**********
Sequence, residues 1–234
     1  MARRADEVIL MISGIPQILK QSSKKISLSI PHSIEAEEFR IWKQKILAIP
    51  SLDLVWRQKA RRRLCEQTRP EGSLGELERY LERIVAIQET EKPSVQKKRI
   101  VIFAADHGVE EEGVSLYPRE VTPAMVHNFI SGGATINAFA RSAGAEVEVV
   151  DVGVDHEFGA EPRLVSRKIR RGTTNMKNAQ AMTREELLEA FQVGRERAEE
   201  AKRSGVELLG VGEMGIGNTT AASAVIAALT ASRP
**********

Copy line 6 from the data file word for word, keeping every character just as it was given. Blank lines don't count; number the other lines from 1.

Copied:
   201  AKRSGVELLG VGEMGIGNTT AASAVIAALT ASRP